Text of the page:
The typical leading man of silent films was a strong, dependable, clean-cut type, with names like Harold Lockwood or Earle Williams. By the 1920s Rudolph Valentino’s popularity had initiated a craze for “exotic” Latin lovers. But modern moviegoers might be surprised to learn there was another matinee idol even earlier than Valentino who seemed “exotic” to white audiences: the Japanese actor Sessue Hayakawa, a major star of the 1910s.
Hayakawa’s early life was tinged by drama. He was born Kintaro Hayakawa on June 10, 1886 in the city of Minamiboso in Chiba, Japan. He had a wealthy family, his father being the provincial governor and his mother having aristocratic roots. At age eighteen Hayakawa attempted to join the Japanese naval academy in Etajima, planning on becoming an officer to fulfill his parents’ wishes. When he was rejected due to hearing problems (he had ruptured an eardrum while diving), he attempted to commit seppuku (ritual suicide) by repeatedly stabbing himself in the abdomen. Fortunately, his father discovered him in time and he managed to make a recovery.
It’s an unfortunate fact that many stars are known mainly for a scandal or unfortunate demise. A lifetime of triumph and failure, hard work and reward, love and struggle–all are scoured away the second topics like “mysterious death” or “addiction” enter the picture. The individual involved dwindles down to a name, a “character” from long-ago times.
A prime example is Wallace Reid, major leading man of the 1910s and early 1920s. As a performer, he’s known mainly to silent film buffs. As a name, he has the sad distinction of being the first major Hollywood star to die of a drug addiction. “Drug addiction”–what a sledgehammer of a phrase. Decades of scandals have unfortunately accustomed us to scandals in Hollywood, but back in the early ’20s Reid’s death truly shocked the world.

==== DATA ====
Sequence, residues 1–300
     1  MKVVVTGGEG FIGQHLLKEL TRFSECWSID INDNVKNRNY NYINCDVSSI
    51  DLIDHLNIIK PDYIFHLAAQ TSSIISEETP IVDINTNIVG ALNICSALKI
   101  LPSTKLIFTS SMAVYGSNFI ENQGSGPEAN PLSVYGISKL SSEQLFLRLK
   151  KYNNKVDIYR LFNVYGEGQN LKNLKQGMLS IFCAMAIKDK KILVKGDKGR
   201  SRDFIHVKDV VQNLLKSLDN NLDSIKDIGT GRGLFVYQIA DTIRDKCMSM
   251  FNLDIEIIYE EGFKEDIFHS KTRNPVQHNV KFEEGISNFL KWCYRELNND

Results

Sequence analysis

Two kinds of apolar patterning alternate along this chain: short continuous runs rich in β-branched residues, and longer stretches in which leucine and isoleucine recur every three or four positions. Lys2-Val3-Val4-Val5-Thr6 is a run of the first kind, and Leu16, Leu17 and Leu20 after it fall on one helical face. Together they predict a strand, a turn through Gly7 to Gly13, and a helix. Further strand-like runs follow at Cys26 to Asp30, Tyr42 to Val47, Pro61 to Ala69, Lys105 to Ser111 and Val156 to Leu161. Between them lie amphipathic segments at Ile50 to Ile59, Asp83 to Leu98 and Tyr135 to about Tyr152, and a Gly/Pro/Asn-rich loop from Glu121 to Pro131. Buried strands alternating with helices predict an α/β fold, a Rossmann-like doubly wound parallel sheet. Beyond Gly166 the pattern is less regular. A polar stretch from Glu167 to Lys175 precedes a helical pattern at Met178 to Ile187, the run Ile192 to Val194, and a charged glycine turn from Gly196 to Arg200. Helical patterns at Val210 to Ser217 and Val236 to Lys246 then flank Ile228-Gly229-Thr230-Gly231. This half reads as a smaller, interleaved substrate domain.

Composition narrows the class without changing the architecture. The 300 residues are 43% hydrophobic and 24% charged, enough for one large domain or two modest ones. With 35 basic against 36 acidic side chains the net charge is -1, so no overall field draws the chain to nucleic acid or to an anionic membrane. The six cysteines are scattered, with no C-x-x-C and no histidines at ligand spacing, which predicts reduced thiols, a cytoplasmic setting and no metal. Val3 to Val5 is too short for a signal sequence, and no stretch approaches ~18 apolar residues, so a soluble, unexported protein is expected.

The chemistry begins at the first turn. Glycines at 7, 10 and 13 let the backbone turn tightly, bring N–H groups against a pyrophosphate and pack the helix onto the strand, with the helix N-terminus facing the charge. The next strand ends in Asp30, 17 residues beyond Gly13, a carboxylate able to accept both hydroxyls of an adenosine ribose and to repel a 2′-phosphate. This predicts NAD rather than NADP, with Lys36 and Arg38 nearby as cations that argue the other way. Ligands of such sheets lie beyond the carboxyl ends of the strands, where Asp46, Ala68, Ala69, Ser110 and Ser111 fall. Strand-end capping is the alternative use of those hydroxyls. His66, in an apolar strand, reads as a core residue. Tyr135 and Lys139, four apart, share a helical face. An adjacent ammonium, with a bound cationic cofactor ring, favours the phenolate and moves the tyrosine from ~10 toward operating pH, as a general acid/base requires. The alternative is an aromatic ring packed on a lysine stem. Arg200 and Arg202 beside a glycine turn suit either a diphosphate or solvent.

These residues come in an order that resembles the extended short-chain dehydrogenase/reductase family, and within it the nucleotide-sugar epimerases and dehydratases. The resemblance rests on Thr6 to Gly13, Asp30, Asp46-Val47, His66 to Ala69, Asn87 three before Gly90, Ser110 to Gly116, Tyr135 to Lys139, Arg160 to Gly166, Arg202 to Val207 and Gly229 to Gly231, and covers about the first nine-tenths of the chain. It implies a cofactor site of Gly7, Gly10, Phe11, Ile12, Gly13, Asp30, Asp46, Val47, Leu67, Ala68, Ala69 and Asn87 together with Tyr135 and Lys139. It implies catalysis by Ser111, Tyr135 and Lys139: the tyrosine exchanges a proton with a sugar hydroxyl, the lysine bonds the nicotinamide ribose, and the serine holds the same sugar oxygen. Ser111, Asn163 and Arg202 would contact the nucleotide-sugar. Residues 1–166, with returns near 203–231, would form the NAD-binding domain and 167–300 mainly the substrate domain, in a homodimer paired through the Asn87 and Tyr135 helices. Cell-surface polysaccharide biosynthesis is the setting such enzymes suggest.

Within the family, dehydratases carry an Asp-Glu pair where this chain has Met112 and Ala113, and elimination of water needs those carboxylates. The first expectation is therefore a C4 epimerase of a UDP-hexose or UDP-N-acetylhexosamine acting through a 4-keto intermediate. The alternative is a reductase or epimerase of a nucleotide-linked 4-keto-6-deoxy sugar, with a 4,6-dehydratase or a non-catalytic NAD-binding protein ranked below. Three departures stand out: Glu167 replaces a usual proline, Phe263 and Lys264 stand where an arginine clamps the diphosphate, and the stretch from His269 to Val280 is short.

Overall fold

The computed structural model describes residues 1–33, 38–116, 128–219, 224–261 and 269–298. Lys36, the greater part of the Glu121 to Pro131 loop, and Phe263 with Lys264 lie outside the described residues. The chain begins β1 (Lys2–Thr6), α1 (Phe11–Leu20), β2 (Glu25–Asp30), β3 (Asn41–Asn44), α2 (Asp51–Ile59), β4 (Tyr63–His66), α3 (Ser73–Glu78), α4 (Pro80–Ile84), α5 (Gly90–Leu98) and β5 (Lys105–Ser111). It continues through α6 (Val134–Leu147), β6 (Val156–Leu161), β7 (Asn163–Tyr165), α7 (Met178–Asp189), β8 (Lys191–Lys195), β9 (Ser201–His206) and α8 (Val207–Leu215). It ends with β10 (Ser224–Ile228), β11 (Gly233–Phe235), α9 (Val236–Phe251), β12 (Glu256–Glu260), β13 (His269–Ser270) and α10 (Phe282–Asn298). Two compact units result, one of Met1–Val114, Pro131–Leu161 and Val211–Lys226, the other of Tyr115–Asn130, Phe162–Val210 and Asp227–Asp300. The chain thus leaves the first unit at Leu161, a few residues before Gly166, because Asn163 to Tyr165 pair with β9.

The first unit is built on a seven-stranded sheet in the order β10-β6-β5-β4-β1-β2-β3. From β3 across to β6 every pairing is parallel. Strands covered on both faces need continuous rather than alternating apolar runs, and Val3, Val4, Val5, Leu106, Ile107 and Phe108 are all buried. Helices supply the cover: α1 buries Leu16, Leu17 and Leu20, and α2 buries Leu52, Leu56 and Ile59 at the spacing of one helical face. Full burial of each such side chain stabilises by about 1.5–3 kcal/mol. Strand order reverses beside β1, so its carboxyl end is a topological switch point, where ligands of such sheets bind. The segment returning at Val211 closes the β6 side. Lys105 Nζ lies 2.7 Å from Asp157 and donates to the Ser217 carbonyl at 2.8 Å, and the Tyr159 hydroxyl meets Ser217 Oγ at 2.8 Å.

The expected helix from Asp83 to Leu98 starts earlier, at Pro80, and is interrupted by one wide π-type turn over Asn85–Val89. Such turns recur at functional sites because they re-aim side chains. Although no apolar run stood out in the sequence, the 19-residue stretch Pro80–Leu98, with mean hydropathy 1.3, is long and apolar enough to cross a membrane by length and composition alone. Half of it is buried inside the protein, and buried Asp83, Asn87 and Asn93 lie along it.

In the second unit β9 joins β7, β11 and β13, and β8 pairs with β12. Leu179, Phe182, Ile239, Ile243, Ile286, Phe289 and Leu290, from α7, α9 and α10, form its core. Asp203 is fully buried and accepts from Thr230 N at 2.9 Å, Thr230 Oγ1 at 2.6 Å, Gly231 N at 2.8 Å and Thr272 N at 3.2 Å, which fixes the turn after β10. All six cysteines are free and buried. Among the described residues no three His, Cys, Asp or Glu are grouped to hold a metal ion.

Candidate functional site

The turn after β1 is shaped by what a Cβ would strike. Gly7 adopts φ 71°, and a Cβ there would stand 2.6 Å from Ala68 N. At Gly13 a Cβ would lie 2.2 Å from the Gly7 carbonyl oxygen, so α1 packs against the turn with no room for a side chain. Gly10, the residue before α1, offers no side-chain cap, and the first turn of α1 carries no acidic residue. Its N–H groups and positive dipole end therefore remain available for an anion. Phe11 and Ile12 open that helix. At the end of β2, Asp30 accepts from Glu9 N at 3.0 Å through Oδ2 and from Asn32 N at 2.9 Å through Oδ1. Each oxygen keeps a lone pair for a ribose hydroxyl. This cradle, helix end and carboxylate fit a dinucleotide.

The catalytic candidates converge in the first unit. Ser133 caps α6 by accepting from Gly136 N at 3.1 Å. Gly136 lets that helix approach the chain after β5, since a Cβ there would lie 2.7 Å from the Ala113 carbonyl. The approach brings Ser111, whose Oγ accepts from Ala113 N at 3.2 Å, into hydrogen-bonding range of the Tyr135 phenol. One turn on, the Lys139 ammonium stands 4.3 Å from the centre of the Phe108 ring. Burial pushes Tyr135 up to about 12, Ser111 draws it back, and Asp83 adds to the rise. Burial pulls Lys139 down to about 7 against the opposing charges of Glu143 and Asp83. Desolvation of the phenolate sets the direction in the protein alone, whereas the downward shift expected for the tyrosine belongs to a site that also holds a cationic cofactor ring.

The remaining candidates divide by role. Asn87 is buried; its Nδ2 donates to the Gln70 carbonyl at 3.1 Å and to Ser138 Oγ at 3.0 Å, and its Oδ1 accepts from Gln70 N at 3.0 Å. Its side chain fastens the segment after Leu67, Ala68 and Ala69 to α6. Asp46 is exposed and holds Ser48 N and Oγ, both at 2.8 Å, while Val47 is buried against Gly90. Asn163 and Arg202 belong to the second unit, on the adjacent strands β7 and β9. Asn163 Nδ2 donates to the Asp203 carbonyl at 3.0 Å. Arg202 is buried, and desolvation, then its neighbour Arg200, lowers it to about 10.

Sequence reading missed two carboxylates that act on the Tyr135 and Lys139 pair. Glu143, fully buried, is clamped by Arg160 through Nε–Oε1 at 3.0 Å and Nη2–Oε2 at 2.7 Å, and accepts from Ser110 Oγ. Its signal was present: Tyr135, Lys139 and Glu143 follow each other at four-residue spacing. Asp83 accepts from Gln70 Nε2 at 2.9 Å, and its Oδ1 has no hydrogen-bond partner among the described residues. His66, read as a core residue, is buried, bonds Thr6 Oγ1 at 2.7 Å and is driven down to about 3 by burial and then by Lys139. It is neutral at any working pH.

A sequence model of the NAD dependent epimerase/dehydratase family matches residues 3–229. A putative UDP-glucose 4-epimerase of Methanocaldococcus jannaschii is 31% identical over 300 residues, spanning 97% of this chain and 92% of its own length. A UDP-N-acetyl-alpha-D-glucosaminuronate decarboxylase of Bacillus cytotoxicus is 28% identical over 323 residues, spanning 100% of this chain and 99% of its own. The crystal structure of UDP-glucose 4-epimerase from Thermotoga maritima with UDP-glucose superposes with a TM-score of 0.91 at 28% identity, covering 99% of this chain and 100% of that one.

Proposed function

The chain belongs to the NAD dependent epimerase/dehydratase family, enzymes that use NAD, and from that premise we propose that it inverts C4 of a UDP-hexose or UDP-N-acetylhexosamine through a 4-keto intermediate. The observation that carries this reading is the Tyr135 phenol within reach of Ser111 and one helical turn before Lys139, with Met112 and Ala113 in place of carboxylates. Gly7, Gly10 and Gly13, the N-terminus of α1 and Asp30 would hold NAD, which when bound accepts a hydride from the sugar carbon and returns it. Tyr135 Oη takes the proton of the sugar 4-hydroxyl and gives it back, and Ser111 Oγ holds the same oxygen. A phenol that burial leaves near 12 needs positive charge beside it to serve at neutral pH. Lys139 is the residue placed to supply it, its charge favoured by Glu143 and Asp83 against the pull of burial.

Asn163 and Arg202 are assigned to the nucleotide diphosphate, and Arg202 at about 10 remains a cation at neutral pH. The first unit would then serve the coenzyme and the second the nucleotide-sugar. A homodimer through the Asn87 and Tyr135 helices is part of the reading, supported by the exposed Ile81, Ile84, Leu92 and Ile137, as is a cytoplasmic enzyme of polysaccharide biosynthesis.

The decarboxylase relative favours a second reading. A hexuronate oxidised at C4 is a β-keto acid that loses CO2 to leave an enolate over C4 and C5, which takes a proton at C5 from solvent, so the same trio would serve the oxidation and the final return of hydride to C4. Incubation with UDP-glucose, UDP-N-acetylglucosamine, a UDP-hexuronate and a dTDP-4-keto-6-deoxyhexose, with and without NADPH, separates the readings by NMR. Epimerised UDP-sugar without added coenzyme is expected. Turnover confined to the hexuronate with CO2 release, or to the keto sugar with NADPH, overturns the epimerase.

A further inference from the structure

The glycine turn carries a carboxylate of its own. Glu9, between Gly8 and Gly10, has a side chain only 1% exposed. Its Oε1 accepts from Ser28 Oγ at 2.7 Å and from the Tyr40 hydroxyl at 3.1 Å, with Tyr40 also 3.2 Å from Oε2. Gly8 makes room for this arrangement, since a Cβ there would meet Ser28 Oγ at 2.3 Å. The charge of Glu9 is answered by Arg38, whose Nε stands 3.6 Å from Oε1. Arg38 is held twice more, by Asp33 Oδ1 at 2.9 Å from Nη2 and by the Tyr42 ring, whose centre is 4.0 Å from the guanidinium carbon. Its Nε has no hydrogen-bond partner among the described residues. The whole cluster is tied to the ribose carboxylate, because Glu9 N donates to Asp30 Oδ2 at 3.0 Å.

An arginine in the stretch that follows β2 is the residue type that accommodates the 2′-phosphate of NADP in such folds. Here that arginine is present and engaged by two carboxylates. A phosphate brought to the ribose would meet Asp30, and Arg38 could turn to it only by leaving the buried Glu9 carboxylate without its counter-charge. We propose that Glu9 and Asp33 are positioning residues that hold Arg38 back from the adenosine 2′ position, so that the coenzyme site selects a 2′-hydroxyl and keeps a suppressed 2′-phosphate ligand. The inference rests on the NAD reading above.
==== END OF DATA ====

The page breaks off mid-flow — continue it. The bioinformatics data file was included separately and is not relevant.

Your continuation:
But before we cover the tragic aspect of his life–and it was truly a tragedy–let’s get to know “Wally,” the well-liked Renaissance man whose good looks are at home in any decade. Continue reading →
A version of this post was originally written for my Classic Movie Hub column Silents are Golden. Hope you enjoy!!
When Rudolph Valentino became a 1920s superstar thanks to the megahits The Four Horsemen of the Apocalypse (1921) and The Sheik (1921), he basically changed the definition of “matinee idol” forever. Unlike many popular actors at the time, who tended to be steady, “regular guy” types, the young Italian often played characters with a dangerous edge and definite air of sensuality. Even today, it’s not hard to see why women became obsessed with him.
“Yuck”–said no woman ever.
Which might make you wonder: before Valentino, which leading actors were considered major heartthrobs? After all, when we list handsome silent film actors today, 1920s personalities like John Gilbert or Ramon Novarro will spring to mind–but who were the “hotties” of the Edwardian era?